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In print and online. See separate entry for TV series. ""Exterminate All the Brutes" is a unique study of Europe's dark history in Africa, written in the form of a travel diary and a historical examination of European racism over the past two centuries." "Like Edward Said's Orientalism, Lindqvist's book examines the history of European racism, setting Conrad's Heart of Darkness in context and tracing the legacy of the writings of European explorers and theologians, politicians and historians, from the late eighteenth century on, in an effort to help us understand that most terrifying of Conrad's lines, "Exterminate all the brutes."" "Lindqvist argues that the harrowing racism that led to the Holocaust in the twentieth century had its roots in European colonial policy of the preceding century. This is an argument that was made in Hannah Arendt's celebrated Origins of Totalitarianism, but Lindqvist approaches it differently, with the insights of an artist and biographer." ""Exterminate All the Brutes" raises questions uniquely appropriate to the current American debate on the depth and costs of racism today."--BOOK JACKET.Title Summary field provided by Blackwell North America, Inc. All Rights Reserved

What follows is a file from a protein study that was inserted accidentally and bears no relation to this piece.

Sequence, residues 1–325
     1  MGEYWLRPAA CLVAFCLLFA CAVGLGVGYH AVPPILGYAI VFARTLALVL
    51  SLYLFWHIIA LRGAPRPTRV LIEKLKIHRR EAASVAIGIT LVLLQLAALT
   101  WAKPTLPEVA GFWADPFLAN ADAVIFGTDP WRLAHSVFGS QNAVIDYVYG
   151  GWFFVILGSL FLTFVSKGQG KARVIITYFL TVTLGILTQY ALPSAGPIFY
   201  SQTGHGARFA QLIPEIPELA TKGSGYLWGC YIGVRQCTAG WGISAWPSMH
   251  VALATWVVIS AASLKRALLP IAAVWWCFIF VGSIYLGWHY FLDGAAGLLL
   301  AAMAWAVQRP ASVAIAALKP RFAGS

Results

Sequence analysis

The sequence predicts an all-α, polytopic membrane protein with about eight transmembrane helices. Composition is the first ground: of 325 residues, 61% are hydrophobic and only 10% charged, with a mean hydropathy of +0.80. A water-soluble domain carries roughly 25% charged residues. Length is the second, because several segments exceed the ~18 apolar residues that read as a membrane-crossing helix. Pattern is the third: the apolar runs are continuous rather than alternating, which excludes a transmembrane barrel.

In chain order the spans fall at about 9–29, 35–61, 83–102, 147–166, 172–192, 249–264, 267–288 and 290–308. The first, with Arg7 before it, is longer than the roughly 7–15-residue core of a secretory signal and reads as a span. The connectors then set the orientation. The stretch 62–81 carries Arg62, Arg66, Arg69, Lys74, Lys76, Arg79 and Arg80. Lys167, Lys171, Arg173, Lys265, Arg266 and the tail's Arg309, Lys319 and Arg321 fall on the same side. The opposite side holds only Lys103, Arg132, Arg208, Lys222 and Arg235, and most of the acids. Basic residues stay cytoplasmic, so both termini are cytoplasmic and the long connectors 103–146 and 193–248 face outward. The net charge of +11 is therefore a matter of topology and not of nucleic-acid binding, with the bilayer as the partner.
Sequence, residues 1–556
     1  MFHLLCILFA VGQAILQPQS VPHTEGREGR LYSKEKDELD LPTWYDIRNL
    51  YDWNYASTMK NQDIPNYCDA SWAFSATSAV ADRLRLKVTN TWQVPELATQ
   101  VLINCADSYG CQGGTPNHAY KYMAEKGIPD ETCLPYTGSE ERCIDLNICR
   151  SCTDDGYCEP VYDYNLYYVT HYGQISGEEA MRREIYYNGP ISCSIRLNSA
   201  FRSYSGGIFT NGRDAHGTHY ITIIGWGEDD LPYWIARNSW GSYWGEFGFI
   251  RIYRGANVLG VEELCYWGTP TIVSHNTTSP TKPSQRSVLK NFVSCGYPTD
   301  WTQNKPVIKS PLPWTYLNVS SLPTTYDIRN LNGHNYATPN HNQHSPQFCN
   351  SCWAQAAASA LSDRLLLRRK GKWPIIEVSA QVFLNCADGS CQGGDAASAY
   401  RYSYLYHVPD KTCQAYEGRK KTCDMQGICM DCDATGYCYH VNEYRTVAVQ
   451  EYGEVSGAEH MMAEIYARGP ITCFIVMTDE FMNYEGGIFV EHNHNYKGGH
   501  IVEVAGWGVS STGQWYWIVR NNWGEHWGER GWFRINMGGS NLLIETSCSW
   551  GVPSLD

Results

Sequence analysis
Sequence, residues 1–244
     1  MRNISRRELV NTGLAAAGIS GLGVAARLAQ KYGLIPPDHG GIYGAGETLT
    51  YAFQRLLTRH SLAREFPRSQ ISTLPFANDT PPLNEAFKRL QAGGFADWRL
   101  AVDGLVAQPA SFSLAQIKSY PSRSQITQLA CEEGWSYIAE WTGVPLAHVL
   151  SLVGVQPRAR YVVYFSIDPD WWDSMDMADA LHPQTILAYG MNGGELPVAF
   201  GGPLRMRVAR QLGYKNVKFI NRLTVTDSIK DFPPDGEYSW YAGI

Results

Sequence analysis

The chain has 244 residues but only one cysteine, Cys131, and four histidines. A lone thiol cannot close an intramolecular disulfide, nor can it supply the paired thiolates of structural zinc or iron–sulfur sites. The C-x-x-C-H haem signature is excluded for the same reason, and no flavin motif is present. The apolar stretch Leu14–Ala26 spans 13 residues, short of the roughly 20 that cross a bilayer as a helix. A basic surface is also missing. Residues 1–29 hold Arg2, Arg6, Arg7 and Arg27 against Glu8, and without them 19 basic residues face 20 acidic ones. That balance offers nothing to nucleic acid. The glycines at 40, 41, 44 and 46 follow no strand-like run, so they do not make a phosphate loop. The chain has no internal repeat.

In print and online. Now part of the HBO docuseries "Exterminate All the Brutes," written and directed by Raoul Peck 2015 Recipient of the American Book Award The first history of the United States told from the perspective of indigenous peoples Today in the United States, there are more than five hundred federally recognized Indigenous nations comprising nearly three million people, descendants of the fifteen million Native people who once inhabited this land. The centuries-long genocidal program of the US settler-colonial regimen has largely been omitted from history. Now, for the first time, acclaimed historian and activist Roxanne Dunbar-Ortiz offers a history of the United States told from the perspective of Indigenous peoples and reveals how Native Americans, for centuries, actively resisted expansion of the US empire. With growing support for movements such as the campaign to abolish Columbus Day and replace it with Indigenous Peoples' Day and the Dakota Access Pipeline protest led by the Standing Rock Sioux Tribe, An Indigenous Peoples' History of the United States is an essential resource providing historical threads that are crucial for understanding the present. In An Indigenous Peoples' History of the United States, Dunbar-Ortiz adroitly challenges the founding myth of the United States and shows how policy against the Indigenous peoples was colonialist and designed to seize the territories of the original inhabitants, displacing or eliminating them. And as Dunbar-Ortiz reveals, this policy was praised in popular culture, through writers like James Fenimore Cooper and Walt Whitman, and in the highest offices of government and the military. Shockingly, as the genocidal policy reached its zenith under President Andrew Jackson, its ruthlessness was best articulated by US Army general Thomas S. Jesup, who, in 1836, wrote of the Seminoles: "The country can be rid of them only by exterminating them." Spanning more than four hundred years, this classic bottom-up peoples' history radically reframes US history and explodes the silences that have haunted our national narrative. An Indigenous Peoples' History of the United States is a 2015 PEN Oakland-Josephine Miles Award for Excellence in Literature.